The Vermont Cynic

Local opportunities to enjoy a snowy Vermont day

Bridget Higdon, Culture Editor

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The Green Mountain state is looking pretty white right about now, and it’s only going to get snowier.

Take a drive down Route 89 and you’ll see a white-capped Camel’s Hump, snow-covered barns and tree branches encased in ice. 

Sam Litra

Vermont is without a doubt my favorite place to spend the winter. Since I was in middle school, my family would drive six hours from northern New Jersey to  spend our weekends skiing in the Green Mountains.

Although the snow is frustrating when it needs to be shoveled from your front steps or brushed off the roof of your car, it’s also immensely beautiful and incredibly inviting.

This semester, avoid cabin fever by grabbing a pair of snowshoes or skis and take advantage of all Vermont has to offer.

Here are some places to enjoy the snow less than an hour away from campus.

Although each of these places provides rentals on site, students and faculty can also rent winter gear from the Outing Club, which offers snowshoes, poles, backpacks and more.

Catamount Outdoor Family Center

The Catamount Outdoor Family Center is located less than 20 minutes from campus in Williston. The COFC began as a cross country ski center in 1978 but has now grown to include other winter activities such as snowshoeing and sledding. The trails can even be used for fat biking, a kind of off-road cycling on a bike with oversized tires.

With 50-acres of property and a 20-mile trail network, the center provides plenty of space for outdoor discovery and appreciation.

Trail fees and rentals are reasonably priced and half-day passes for cross-country skiing and snowshoeing cost only $15. If you have your own headlamp, go at night and spend only $9.

Since 2005, the COFC has been operating as a non-profit, so you can be sure your money is going to preserving the land for the future.

Trapp Family Lodge

The Trapp Family Lodge in Stowe was the first cross-country ski center in the country. The original lodge was opened by Maria and Georg von Trapp in 1950, and their son Johannes opened the ski center in 1968, according to the lodge’s website.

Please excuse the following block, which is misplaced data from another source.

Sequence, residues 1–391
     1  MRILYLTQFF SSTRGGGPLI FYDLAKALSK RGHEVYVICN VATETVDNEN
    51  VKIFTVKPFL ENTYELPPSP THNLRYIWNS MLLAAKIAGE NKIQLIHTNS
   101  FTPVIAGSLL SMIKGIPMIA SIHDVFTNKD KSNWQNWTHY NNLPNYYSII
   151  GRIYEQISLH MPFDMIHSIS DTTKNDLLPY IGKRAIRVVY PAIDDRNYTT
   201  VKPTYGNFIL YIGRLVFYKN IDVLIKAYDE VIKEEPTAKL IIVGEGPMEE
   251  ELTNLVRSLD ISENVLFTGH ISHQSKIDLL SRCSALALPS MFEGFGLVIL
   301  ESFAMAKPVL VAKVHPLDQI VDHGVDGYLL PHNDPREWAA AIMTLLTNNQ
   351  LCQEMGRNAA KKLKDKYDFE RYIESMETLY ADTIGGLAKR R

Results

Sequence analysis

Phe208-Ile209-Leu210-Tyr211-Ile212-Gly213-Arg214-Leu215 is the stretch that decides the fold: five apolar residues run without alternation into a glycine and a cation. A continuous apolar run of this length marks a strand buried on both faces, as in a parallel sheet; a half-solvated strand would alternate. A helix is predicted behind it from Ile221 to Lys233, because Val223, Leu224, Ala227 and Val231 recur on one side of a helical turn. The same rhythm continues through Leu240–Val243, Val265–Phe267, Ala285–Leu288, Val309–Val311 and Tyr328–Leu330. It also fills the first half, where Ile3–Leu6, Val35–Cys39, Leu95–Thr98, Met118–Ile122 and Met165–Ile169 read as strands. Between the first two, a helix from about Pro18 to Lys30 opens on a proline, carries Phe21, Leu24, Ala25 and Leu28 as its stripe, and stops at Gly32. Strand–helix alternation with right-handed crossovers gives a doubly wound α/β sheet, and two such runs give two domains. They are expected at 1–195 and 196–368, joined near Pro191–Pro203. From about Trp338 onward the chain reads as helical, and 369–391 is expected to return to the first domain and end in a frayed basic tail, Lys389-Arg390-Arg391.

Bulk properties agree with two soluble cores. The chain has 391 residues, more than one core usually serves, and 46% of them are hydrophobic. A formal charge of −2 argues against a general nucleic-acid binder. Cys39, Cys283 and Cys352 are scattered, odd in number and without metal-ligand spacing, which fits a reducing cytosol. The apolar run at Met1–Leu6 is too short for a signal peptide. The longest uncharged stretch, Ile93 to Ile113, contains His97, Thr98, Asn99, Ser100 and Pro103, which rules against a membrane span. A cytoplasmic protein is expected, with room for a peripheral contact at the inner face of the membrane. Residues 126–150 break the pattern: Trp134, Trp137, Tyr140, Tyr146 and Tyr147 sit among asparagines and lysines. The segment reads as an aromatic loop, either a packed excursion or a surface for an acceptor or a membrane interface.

Snowshoe rentals are $25 and cross-country packages are $30. While skiing or snowshoeing at the Trapp Lodge is more expensive than other options, at $25 for a full day pass, its scenery is not to be missed.

For beginners on cross-country skis, the Sugar Road loop is the perfect place to start. If you are on snowshoes, hike up to the chapel on Luce Hill.

Blueberry Lake

Located in the Mad River Valley, the Blueberry Lake Cross Country and Snowshoeing Center is only 45 minutes from campus.

Handwritten signs and a wood stove greet you when you arrive at the center, and the entire place has a comfortable and cozy feel.

All of Blueberry Lake’s 11 trails are groomed regularly. With most trails winding and twisting through the woods, you’ll be sheltered from blustery winds. Day passes and rentals are both $16.

On your way back to campus, make a stop at the Warren Store. The small general store is self-proclaimed “almost world famous” and offers sandwiches made to order, local specialty foods and plenty of hot tea and coffee.

Whether you’re a skiing extraordinaire or just looking for a scenic place to spend time with friends, there are plenty of local opportunities.

About the Writer
Bridget Higdon, Culture Editor

Bridget Higdon is a junior English major who joined the Cynic in September 2016. She was previously the Arts Editor before she launched the first Culture...

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Local opportunities to enjoy a snowy Vermont day